Scott Jaschik

Scott Jaschik, Editor, is one of the three founders of Inside Higher Ed. With Doug Lederman, he leads the editorial operations of Inside Higher Ed, overseeing news content, opinion pieces, career advice, blogs and other features. Scott is a leading voice on higher education issues, quoted regularly in publications nationwide, and publishing articles on colleges in publications such as The New York Times, The Boston Globe, The Washington Post, Salon, and elsewhere. He has been a judge or screener for the National Magazine Awards, the Online Journalism Awards, the Folio Editorial Excellence Awards, and the Education Writers Association Awards. Scott served as a mentor in the community college fellowship program of the Hechinger Institute on Education and the Media, of Teachers College, Columbia University. He is a member of the board of the Education Writers Association. From 1999-2003, Scott was editor of The Chronicle of Higher Education. Scott grew up in Rochester, N.Y., and graduated from Cornell University in 1985. He lives in Washington.

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Most Recent Articles

August 2, 2013
The University of California System bars those flying on the university's dime from using anything but economy class, unless there is a certified medical need. The Center for Investigative Reporting found that 6 of the 17 academic deans "routinely" are certified as having a medical need to fly business or first class, and that travel bills go up as a result. The article noted that one of the deans who does not fly economy is Judy Olian of the Anderson School of Management.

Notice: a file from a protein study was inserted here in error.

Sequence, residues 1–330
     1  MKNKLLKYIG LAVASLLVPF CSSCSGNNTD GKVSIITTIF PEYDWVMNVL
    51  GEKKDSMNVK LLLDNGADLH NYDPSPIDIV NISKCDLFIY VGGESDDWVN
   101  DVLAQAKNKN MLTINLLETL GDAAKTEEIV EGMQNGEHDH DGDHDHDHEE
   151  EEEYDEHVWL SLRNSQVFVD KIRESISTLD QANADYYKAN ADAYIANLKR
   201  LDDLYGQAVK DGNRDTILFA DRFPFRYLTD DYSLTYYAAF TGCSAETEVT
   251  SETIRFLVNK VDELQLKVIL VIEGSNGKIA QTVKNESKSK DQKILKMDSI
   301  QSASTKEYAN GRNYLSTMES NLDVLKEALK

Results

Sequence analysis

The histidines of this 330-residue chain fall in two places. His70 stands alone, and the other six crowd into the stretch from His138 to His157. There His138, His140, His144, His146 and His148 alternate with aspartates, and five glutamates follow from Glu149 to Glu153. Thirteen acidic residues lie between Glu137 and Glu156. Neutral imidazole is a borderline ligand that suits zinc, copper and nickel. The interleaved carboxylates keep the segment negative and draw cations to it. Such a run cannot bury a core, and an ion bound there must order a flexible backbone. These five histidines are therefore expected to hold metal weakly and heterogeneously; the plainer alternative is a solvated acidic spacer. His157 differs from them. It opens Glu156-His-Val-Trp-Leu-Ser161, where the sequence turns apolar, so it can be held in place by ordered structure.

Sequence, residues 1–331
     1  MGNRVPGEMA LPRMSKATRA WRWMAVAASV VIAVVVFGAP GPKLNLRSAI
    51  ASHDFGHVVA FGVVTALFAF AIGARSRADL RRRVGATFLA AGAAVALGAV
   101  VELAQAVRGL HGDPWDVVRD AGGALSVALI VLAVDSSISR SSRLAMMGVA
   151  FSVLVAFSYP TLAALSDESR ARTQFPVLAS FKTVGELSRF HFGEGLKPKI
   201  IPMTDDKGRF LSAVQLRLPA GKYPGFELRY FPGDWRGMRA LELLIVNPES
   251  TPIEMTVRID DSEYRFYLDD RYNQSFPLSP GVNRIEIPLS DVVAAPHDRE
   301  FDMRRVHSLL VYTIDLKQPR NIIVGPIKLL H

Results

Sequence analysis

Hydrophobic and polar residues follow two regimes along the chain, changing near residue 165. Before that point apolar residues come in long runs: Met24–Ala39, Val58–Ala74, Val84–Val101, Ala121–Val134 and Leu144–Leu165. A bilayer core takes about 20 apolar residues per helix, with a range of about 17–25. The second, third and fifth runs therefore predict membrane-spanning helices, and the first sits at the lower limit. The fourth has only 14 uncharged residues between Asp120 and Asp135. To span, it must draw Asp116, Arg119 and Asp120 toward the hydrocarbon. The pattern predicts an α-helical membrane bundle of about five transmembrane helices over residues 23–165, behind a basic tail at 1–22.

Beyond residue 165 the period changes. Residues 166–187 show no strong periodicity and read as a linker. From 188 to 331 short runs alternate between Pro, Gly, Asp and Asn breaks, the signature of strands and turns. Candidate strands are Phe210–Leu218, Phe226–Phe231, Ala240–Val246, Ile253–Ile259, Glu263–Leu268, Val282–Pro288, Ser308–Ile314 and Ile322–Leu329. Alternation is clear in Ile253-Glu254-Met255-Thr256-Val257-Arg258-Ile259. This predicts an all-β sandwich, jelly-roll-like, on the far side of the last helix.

August 1, 2013
The University of Maryland University College -- an institution known for distance education -- has announced that it will award academic credit to those who complete six massive open online courses and who pass tests offered for those courses, CBS News DC reported. The MOOCs are introductory mathematics and science courses, and are offered by Coursera and Udacity.  
August 1, 2013
The White Student Union, a new organization, is drawing complaints at Georgia State University. The Atlanta Journal-Constitution reported that the group is not officially recognized and may not involve very many people at all, but that when notices about it started to appear on campus, a number of people complained.
August 1, 2013
President Obama on Wednesday nominated France Anne Córdova as director of the National Science Foundation. Córdova has previously served as president of Purdue University, chancellor of the University of California at Riverside and as chief scientist at the National Aeronautics and Space Administration.  
August 1, 2013
In today’s Academic Minute, Kerry Clark of the University of North Florida explains why Lyme disease is becoming a threat in areas beyond the northeastern United States. Learn more about the Academic Minute here.
August 1, 2013
Pine Manor, facing shrunken enrollment and pressure from accreditor, will admit men to all programs. Is this a sign of the times about single-sex education or the tough choices facing small private colleges?
August 1, 2013
Larry Arnn, the president of Hillsdale College, at a legislative hearing in Michigan on Wednesday, referred to minority student as "dark ones," The Detroit Free Press reported. Hillsdale does not accept any federal funds and thus resists many data-gathering initiatives of government agencies. In his testimony, Arnn described a time he said state officials visited campus to see if he had enough "dark ones" enrolled.
August 1, 2013
The presidents of 165 universities issued a joint statement Wednesday calling on President Obama and Congress to deal with the "innovation deficit" facing the country. "Our nation’s role as the world’s innovation leader is in serious jeopardy. The combination of eroding federal investments in research and higher education, additional cuts due to sequestration, and the enormous resources other nations are pouring into these areas is creating a new kind of deficit for the United States: an innovation deficit.

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